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Urocortin, a member of the corticotropin-releasing factor family, in normal and diseased heart.

Authors: Nishikimi, T  Miyata, A  Horio, T  Yoshihara, F  Nagaya, N  Takishita, S  Yutani, C  Matsuo, H  Matsuoka, H  Kangawa, K 
Citation: Nishikimi T, etal., Am J Physiol Heart Circ Physiol. 2000 Dec;279(6):H3031-9.
Pubmed: (View Article at PubMed) PMID:11087261

In the present study we investigated the form of expression, action, second messenger, and the cellular location of urocortin, a member of the corticotropin-releasing factor (CRF) family, in the heart. Urocortin mRNA, as shown by quantitative RT-PCR analysis, is expressed in the cultured rat cardiac nonmyocytes (NMC) as well as myocytes (MC) in the heart, whereas CRF receptor type 2beta (CRF-R2beta), presumed urocortin receptor mRNA, is predominantly expressed in MC compared with NMC. Urocortin mRNA expression is higher in left ventricular (LV) hypertrophy than in normal LV, whereas CRF-R2beta mRNA expression is markedly depressed in LV hypertrophy compared with normal LV. Urocortin more potently increased the cAMP levels in both MC and NMC than did CRF, and its effect was more potent in MC than in NMC. Urocortin significantly increased protein synthesis by [(14)C]Phe incorporations and atrial natriuretic peptide secretion in MC and collagen and increased DNA synthesis by [(3)H]prolin and [(3)H]Thy incorporations in NMC. An immunohistochemical study revealed that urocortin immunoreactivity was observed in MC in the normal human heart and that it was more intense in the MC of the human failing heart than in MC of the normal heart. These results, together with the recent evidence of urocortin for positive inotropic action, suggest that increased urocortin in the diseased heart may modulate the pathophysiology of cardiac hypertrophy or failing heart, at least in part, via cAMP signaling pathway.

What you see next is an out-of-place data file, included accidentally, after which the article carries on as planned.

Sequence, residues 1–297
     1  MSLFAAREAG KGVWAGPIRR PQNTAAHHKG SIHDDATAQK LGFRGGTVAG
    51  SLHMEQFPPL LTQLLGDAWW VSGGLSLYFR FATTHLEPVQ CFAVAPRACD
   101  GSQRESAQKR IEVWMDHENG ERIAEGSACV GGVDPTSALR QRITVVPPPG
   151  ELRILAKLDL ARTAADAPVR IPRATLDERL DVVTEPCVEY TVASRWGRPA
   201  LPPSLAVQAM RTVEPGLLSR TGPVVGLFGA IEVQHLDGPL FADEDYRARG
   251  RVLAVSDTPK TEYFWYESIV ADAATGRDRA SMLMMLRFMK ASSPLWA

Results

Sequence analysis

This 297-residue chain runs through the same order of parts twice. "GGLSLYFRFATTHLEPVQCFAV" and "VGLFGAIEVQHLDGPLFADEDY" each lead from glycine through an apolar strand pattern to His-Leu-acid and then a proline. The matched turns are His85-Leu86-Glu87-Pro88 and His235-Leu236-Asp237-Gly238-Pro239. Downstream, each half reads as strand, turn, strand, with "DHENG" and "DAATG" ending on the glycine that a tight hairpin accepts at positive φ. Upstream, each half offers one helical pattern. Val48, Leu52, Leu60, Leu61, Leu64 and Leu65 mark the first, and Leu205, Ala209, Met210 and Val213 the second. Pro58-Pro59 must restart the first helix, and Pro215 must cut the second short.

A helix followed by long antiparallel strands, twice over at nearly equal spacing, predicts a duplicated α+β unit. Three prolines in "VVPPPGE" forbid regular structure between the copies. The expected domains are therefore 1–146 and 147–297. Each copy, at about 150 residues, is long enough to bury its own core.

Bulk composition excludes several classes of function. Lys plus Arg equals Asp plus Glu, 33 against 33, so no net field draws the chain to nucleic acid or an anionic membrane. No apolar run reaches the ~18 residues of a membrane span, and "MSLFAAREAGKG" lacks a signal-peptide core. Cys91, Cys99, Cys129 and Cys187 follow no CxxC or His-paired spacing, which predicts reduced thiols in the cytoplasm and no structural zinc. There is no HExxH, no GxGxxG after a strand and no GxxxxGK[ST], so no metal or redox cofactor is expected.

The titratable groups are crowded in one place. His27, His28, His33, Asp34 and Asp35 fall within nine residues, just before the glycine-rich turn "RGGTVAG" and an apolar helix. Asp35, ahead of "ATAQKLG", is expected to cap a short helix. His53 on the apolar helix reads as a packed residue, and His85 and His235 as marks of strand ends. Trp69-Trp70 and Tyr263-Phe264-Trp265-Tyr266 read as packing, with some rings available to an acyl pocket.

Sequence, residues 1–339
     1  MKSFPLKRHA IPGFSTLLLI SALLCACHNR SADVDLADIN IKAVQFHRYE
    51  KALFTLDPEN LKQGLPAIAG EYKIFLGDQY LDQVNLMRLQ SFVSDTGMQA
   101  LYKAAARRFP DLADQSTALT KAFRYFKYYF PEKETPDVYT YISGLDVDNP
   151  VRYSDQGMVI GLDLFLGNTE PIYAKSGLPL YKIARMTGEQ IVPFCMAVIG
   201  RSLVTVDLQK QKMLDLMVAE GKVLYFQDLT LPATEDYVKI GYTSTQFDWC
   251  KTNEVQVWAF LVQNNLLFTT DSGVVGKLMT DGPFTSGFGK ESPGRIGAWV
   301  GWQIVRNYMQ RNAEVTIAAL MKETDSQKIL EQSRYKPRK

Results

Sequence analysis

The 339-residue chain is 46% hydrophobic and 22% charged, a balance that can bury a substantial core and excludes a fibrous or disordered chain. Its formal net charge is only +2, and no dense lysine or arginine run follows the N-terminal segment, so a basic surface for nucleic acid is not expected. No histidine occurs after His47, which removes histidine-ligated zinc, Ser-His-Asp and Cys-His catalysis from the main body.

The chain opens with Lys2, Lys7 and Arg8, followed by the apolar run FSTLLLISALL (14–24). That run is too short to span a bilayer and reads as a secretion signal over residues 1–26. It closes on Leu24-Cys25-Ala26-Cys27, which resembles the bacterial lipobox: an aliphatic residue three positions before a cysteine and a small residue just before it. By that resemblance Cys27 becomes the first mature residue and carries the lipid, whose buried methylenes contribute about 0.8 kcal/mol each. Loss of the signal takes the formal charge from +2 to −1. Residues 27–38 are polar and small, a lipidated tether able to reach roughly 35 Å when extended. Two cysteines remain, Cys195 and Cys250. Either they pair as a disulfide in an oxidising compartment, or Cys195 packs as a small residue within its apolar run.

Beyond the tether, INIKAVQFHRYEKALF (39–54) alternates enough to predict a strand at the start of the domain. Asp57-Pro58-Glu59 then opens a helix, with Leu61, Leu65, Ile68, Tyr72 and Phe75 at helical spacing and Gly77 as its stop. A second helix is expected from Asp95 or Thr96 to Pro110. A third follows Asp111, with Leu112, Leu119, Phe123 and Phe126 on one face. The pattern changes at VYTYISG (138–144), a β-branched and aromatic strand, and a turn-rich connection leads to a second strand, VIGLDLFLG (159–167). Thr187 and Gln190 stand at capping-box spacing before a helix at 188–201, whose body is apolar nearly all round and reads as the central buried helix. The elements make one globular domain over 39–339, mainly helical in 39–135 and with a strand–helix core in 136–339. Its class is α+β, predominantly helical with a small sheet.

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RGD Object Information
RGD ID: 1642796
Created: 2007-10-16
Species: All species
Last Modified: 2007-10-16
Status: ACTIVE


RGD is funded by grant HL64541 from the National Heart, Lung, and Blood Institute on behalf of the NIH.